Eliseo, This Isn’t About You

Leave a comment

December 1, 2014 by The Citron Review

by Matt Jones 


An oversized blue suit jacket and black pleated pants. That is what I wore. And for the most part, that is all I remember worrying about that day.


My friend had given me a yellow oblong feeling before the service, or by that I mean, she had given me a yellow oblong pill that made so much of what I was feeling feel like less.

I asked her, ‘Do you think anyone will notice?’

‘Notice what?’ she asked.

‘The jacket,’ I said. ‘It doesn’t fit quite right. I borrowed it from my dad. And its blue.’

She glanced over at me in the driver’s seat and swerved slightly across the centerline. ‘So?’

‘My pants are black though.’

She produced an orange bottle with a hushed rattle, dumped some of the hush, a little piece of the quiet into her hands, and said, ‘Here. Take this.’


There were so many people there. My blue suit jacket stuck out in a sea of black. We entered the church and I felt everyone looking. I might as well have been wearing a back brace like a shark cage wrapped up my spine and over my chest that squeaked and cried for oil with every lurching step I took. People could swim up and bare their teeth and scold me about my jacket and I could tuck my arms behind the bars. The pill was making me smile a lot. And I was nervous. I smile when I’m nervous.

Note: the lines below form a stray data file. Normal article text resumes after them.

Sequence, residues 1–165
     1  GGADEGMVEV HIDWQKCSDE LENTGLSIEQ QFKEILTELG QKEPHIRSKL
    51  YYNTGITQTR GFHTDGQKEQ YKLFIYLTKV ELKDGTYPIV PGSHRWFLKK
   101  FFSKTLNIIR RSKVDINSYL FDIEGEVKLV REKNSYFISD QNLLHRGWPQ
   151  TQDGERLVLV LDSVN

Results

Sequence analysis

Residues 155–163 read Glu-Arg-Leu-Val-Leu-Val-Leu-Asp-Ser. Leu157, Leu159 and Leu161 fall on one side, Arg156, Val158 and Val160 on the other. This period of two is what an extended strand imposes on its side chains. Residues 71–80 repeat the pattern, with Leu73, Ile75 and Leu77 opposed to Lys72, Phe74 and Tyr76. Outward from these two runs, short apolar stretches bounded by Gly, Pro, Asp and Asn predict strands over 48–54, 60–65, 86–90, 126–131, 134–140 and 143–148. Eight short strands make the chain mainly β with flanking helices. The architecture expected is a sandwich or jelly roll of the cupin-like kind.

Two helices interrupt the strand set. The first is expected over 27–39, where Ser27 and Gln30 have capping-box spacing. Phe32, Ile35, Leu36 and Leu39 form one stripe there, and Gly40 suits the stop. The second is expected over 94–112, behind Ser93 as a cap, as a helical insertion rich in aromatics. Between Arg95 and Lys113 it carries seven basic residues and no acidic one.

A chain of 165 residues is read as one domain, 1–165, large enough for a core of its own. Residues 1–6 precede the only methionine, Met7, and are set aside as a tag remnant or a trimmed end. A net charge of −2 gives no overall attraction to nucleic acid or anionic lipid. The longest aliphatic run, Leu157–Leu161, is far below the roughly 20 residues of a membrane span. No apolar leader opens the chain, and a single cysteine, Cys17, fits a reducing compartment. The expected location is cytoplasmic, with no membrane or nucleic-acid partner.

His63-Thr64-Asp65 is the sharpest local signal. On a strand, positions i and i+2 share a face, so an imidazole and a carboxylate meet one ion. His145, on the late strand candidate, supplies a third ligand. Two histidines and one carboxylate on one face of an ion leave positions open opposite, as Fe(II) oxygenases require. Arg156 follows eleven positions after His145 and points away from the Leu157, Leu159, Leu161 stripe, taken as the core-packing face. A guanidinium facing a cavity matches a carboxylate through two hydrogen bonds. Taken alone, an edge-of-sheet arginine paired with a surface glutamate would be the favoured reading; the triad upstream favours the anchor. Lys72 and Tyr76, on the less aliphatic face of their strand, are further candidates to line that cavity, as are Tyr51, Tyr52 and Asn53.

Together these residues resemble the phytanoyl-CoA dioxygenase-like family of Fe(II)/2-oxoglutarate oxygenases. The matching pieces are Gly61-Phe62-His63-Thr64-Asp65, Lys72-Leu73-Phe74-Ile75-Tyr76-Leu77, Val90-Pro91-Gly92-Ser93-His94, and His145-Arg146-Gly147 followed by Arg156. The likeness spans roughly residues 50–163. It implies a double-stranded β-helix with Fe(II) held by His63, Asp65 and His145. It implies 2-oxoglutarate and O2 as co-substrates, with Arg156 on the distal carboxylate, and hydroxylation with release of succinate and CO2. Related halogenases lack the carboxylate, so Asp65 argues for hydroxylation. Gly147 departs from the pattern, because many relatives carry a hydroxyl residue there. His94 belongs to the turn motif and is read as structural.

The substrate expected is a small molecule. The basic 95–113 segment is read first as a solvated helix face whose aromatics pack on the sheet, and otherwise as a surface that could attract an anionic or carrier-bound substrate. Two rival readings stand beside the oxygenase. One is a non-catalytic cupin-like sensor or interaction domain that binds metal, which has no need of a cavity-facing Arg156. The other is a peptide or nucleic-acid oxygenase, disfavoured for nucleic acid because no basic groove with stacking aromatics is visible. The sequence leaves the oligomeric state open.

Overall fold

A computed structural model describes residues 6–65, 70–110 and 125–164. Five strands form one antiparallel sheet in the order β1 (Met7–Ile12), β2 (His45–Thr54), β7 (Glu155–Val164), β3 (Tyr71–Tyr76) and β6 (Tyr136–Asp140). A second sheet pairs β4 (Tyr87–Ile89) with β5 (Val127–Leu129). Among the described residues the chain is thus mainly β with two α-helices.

There was a slideshow from his sister that featured songs from Boston, Journey, and Kansas. I can’t hear those songs any more. Well, I can hear them; I just can’t listen to them. Not in the same way at least, but maybe closer to the way in which they were meant to be heard. Still, I prefer not to share the artist’s state of mind.


After the service, I realized that I hadn’t really heard a word of what was said. I’d focused on the muscles in my face, keeping them at bay. My lips quivered and people came by and said hello, people that I did not want to run into.

‘I wish it were under better circumstances.’

‘(Teeth. Hungry, hungry white teeth so my gums go dry)’

 Shake hands.